Thursday, 2 February 2017

Post 332 Sacrificial branches

Every experience with sacrificial branches that Ive had has convinced me of their effectiveness. There are just a couple of tricks with them.
  • First up is patience to allow them to get big enough to work.
  • Then not leave them on too long to leave a chop like transition.
  • Position them so that when removed the scar adds to rather than detracts from the composition.
  • Place the sacrifice for best effect, not too low and not too high. Or on a branch not at the end and not too close to the trunk.
  • And most importantly as they get bigger to balance the energy draw of the sacrifice branch and the tree so that the tree continues to be sustained and grows for development. The sacrifice branch will need occasional hard pruning to prevent it taking over.
Here are some examples I've got working at the moment; all on Natalensis ficus.

The plan for these first two is to produce small trees (currently about 120mm) with heavy trunks in a short time. These two are two years old.

This one is 4 years old and features in Bonsai Foundations. As you can see the sacrifice branch has been regularly pruned, usually to coincide with pruning of the tree itself.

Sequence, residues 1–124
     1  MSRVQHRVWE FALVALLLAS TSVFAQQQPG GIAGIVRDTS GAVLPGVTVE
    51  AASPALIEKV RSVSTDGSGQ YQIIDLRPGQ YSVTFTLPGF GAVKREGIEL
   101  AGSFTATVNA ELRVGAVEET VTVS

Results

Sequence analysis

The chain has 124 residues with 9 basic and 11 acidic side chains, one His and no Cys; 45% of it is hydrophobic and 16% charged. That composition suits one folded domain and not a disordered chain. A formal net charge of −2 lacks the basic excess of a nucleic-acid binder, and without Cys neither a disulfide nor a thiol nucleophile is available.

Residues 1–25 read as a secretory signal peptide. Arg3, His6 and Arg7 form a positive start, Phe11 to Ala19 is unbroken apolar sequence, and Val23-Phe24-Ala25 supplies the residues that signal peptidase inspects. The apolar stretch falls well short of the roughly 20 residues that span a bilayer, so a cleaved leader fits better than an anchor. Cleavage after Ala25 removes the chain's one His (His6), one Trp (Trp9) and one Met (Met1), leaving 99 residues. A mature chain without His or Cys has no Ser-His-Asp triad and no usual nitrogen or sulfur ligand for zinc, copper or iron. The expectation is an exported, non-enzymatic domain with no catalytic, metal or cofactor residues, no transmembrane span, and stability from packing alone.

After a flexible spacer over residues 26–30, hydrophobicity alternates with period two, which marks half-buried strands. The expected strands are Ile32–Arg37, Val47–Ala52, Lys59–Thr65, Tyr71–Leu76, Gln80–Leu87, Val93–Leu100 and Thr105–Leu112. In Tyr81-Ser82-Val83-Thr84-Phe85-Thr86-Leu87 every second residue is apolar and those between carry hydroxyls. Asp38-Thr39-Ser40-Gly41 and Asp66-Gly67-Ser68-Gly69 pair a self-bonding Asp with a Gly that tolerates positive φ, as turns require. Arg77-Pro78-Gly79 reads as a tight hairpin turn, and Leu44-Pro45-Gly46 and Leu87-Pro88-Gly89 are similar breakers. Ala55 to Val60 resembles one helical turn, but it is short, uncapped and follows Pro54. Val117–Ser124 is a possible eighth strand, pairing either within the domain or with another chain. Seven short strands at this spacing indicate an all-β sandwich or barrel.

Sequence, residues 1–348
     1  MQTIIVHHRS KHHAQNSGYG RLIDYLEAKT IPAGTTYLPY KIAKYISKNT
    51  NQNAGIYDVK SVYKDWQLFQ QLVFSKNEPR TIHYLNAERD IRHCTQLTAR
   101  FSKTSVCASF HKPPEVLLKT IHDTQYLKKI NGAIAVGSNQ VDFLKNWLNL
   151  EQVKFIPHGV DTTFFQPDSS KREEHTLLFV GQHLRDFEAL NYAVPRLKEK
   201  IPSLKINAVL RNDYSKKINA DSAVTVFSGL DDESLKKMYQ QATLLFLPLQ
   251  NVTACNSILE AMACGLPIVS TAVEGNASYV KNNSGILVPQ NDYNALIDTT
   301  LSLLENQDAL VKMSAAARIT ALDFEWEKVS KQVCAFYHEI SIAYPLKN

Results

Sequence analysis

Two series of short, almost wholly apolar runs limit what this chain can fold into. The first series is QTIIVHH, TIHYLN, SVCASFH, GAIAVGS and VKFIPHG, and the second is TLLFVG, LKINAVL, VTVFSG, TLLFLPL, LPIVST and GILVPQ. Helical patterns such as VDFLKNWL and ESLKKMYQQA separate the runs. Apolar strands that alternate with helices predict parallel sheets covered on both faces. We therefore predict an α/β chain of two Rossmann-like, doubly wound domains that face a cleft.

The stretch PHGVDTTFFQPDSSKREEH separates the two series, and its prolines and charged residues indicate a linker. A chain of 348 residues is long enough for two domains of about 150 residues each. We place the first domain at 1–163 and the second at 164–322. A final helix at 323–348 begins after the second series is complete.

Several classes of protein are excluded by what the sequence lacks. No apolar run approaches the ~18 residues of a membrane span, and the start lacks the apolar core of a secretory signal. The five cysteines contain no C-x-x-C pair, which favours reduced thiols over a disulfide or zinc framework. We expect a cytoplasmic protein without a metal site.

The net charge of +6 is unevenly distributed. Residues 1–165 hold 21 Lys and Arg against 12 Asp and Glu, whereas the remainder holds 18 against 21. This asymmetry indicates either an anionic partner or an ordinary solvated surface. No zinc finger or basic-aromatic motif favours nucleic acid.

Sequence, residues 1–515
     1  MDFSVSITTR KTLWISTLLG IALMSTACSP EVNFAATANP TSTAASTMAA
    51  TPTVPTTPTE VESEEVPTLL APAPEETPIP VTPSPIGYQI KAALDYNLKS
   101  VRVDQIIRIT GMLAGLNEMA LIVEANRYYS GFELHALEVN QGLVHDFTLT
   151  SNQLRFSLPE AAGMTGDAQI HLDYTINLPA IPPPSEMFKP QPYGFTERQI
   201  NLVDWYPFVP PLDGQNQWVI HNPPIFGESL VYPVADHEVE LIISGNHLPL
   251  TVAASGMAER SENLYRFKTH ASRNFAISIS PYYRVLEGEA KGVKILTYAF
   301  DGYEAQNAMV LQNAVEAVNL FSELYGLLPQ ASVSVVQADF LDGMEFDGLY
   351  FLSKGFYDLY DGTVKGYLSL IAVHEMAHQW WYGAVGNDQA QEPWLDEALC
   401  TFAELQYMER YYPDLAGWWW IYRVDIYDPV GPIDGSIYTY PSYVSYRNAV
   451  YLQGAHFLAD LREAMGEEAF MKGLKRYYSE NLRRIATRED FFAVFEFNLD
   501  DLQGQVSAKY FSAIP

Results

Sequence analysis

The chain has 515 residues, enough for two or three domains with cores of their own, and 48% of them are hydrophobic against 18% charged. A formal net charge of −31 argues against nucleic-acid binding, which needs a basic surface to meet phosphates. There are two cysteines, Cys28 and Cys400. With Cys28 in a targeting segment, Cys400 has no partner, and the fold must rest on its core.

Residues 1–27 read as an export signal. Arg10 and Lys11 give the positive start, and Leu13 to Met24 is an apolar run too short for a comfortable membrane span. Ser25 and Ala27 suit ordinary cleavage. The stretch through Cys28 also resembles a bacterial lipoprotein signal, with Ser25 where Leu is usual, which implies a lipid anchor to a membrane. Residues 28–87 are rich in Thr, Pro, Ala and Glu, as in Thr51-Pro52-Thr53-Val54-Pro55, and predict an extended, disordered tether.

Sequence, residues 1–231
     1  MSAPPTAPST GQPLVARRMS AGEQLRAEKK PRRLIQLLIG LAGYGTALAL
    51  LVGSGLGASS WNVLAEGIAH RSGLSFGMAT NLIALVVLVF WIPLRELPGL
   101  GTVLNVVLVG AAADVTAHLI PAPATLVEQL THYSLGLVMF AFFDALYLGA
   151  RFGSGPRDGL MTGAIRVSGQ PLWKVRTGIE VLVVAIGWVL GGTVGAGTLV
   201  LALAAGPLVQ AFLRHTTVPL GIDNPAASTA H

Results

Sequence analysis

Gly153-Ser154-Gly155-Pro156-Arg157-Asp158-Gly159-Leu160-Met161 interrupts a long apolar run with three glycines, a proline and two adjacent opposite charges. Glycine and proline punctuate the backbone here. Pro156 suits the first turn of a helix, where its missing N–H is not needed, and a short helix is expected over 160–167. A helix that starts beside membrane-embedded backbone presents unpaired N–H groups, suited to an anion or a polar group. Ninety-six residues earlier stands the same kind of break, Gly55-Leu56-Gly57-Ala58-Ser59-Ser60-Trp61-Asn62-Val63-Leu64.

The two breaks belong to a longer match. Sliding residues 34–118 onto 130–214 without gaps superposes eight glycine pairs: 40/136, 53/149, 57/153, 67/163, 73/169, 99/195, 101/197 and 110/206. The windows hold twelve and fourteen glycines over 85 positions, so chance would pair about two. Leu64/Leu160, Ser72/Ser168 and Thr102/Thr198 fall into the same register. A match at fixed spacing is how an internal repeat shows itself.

Monday, 23 January 2017

Post 231 Trunk thickening

Six months ago I wanted to take a picture to support a description of the air layering process for my book, 'Bonsai Foundations'. So I cut a ring of bark from the sacrificial branch on a Ficus natalensis, also featured in the book. At the point of the incision it is probably 25 to 28mm diameter.

Here it is with the bark removed. After taking the photo I returned the ring of bark and bound it up with grafting tape. The branch never missed a beat and very quickly healed/sealed up the cuts. On the following photo you can see the cut site and the swelling that arose from the recovery.

I struck this tree from a small cutting in 2012. That makes it 4 years old. The sacrifice branch has made a big difference to the development of the trunk and taper.

 This is a closeup of the site and you can clearly see the callus tissue that has formed in the cuts to seal it all up. It has produced an interesting swelling. Impact or penetration damage to a tunk has been known to result in swelling repair and this can be a useful way to address reverse taper.

 This is the start of a new experiment further down the same branch. This time I'm cutting out a crown shaped piece of bark. Here it is cut around the edges.

 This is the piece of bark removed.

 And where it came from.

 Here it has been returned.

 And then finally bound up with grafting tape while it seals up and recovers. I'll post the outcome in a couple of months time. The experiment is to assess the value of doing this at ground level of a trunk with limited taper.

Friday, 20 January 2017

Post 230 Tree structure - UK Visit #3 - Low divided trunks

This is the third and last in this series of three posts on Trees in the UK winter. I've been reflecting on the structure of deciduous trees, looking at the range of variation in trunk division from high to low as in these sketches from 'Bonsai Foundations'.

This post shows a series of pictures of trees with low trunk division. These are all good authentic legitimate models for deciduous bonsai design.